What the standard jury instructions don't say, at least not explicitly, is that the defendant must know that the riding crop is a dangerous weapon. That is, the defendant, who has used this riding crop on this woman a dozen times, as well as a half-dozen other women, each time without complaint, must know that it is "likely" to cause disfigurement, or some other requirement of serious physical injury, even though it has never done so before (nor did it do so in this case).
Defense counsel can, of course, argue this without an instruction. But why not seek the imprimatur of a judge's command that the jury must find, beyond a reasonable doubt, that the defendant knew that the riding crop, in the manner it was used, was a dangerous weapon? Jurors aren't lawyers, and so they don't have the experience or training to appreciate the connection between mens rea and actus rea. Better for the judge to make it clear, rather than the lawyer. The standard instructions are ambiguous on this issue and therefore not particularly helpful.
I'm not aware of any case law that explicitly says the mens rea of assault applies to whether the weapon is a "dangerous weapon." There is favorable case law that would strongly suggest it does (see State v. Barnes, 329 Or 327 (1999), not applying the "knowing" mental state to the seriousness of the injury, but implying that it would apply to either the action or the surrounding circumstances). Absent unimpeachable precedent, the trial court could rule against the defendant and deny the instruction. (Trial courts are particularly prone to getting special jury instructions wrong, in part because the appellate courts themselves have been inconsistent, reversing themselves quite often. The most recent example is State v. Rainoldi, where the COA - reversing precedent more than a decade old - found that the defendant must know he's a felon in order to be guilty of Felon in Possession of a Firearm.) In the dangerous weapon situation, the chances of getting a reversal on appeal are extremely strong. The defendant might never get an MJOA on the issue (there's certainly enough evidence "in the light most favorable to the state" to infer he did know it was a dangerous weapon), but as long as there is any merit to the argument at all, the denial of the instruction is reversible error.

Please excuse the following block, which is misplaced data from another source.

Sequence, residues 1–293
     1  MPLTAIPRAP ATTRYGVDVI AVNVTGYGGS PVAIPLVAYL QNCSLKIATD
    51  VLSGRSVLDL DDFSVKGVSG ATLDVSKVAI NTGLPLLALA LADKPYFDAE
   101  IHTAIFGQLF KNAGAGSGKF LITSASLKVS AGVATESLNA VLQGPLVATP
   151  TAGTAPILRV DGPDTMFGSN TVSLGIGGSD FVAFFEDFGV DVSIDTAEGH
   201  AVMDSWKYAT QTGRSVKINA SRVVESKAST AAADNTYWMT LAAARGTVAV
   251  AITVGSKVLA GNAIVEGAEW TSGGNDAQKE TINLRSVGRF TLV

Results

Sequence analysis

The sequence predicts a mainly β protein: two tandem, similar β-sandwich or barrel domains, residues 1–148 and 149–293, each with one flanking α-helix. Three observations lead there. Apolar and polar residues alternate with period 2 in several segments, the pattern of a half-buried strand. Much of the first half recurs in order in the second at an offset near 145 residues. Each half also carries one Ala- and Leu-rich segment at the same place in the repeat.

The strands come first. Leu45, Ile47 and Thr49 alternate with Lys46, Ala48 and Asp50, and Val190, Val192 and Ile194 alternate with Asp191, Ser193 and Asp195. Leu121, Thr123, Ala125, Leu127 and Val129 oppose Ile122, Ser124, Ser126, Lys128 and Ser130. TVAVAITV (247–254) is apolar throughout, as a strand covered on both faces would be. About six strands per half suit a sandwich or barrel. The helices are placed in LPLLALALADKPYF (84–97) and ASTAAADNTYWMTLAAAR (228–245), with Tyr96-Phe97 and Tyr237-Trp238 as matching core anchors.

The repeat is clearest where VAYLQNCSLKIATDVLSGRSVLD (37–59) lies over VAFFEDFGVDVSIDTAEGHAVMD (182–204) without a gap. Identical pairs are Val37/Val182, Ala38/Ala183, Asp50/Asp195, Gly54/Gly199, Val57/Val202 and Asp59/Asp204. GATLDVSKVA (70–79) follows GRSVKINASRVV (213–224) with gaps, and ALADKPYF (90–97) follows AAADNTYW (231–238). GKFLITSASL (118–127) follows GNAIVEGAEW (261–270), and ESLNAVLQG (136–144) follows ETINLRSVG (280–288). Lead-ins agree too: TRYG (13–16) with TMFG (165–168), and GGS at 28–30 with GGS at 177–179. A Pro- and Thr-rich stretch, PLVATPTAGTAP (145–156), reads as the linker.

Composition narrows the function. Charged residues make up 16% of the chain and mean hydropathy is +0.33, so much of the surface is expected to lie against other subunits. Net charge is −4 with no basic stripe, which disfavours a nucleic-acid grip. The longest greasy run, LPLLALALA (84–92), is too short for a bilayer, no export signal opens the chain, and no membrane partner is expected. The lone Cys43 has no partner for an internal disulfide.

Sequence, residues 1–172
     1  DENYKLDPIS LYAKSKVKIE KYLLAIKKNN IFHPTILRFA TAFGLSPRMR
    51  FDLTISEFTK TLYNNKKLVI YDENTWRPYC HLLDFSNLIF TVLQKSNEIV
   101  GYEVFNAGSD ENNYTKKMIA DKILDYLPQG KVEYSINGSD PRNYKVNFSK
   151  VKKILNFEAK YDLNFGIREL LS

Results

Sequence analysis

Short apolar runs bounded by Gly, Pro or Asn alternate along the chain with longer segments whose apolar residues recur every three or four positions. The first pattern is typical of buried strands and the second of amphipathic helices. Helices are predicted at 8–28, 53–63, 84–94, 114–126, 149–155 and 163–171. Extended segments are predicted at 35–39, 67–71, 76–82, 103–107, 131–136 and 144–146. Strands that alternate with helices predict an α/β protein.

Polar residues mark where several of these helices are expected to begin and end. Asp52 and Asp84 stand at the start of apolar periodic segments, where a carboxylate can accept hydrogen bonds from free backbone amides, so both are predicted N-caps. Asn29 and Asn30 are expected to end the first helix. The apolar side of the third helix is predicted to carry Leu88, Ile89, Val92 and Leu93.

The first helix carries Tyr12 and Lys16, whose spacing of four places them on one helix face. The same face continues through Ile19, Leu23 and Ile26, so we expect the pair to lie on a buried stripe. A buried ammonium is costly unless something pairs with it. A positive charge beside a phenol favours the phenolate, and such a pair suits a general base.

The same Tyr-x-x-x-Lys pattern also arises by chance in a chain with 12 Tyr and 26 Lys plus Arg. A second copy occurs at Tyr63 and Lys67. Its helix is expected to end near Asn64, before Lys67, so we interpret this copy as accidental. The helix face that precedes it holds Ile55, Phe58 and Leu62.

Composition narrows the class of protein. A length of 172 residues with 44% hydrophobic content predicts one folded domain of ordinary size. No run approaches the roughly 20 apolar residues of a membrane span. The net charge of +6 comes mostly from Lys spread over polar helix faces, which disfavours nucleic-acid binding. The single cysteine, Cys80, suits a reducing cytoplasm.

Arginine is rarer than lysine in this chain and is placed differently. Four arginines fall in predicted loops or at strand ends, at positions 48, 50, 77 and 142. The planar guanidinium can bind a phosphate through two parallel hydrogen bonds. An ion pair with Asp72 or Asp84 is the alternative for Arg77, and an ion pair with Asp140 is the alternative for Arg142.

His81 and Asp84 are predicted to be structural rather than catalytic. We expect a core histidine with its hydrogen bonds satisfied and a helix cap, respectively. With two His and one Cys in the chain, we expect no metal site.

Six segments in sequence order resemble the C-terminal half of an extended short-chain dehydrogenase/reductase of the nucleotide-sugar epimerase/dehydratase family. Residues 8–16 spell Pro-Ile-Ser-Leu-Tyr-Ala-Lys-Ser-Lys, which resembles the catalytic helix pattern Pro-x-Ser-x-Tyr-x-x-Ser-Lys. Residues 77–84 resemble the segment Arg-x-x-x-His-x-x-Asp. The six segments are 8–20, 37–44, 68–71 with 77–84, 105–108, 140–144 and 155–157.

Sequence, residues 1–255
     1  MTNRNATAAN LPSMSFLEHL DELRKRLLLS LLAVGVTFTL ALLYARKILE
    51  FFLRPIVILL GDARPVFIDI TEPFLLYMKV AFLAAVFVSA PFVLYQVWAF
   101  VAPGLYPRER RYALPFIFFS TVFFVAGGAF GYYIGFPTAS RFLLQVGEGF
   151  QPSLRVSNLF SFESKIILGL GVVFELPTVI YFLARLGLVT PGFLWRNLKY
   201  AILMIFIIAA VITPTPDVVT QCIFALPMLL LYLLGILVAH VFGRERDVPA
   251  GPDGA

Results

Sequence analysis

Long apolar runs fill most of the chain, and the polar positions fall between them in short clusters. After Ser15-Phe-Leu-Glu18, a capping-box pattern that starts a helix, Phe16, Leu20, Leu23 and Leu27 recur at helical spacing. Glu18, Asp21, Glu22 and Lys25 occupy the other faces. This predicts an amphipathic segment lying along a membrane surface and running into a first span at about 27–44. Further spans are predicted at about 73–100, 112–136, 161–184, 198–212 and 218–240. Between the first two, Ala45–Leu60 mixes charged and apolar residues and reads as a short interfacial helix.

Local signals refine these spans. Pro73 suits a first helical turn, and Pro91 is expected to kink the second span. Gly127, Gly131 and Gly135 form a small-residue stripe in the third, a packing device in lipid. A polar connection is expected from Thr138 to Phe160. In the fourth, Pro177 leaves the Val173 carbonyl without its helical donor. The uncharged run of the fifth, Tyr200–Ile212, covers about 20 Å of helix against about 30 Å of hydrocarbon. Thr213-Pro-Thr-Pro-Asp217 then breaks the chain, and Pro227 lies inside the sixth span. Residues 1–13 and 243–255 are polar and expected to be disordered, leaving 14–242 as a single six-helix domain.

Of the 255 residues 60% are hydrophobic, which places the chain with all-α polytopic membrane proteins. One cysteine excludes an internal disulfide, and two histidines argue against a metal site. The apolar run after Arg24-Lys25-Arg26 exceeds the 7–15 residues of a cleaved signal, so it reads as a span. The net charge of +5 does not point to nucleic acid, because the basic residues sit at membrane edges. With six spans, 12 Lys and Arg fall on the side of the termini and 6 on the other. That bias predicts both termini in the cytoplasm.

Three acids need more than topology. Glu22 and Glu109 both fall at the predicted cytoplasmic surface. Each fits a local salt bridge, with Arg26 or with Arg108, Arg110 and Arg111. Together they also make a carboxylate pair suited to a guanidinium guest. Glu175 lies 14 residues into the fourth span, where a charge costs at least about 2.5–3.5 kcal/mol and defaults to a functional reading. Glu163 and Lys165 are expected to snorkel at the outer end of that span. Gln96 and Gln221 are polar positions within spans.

I have picked a particularly sexy hypothetical, but in fact this issue comes up routinely. It happens whenever it's an unconventional weapon, something other than a knife or gun. (And it comes up often with female defendants who are arguably more likely than men to pick up something nearby in a domestic fight. We've all seen the staple of bad domestic comedies, the vase, thrown at the unfaithful spouse.) Whether the weapon is a boot, or a crutch, or a candlestick holder, if the state has not alleged serious physical injury, we can assume there wasn't actual serious physical injury. Rather, there is the requirement that "in the manner it was used, it was likely to have caused serious physical injury." In other words, the defendant is being convicted on a counter-factual, something that didn't actually happen.
This special jury instruction could result in an acquittal or reversal, even if the usual elements of the crime (dangerous weapon, injury) are met.
In future essays, I'll explore other special instructions that defense lawyers should be asking for, as well as objections to special instructions that have been requested by the state. Finally, I'll talk about those tricky situations when defense attorneys should object to the failure of the judge to give a special instruction but the attorney should not actually draft one herself.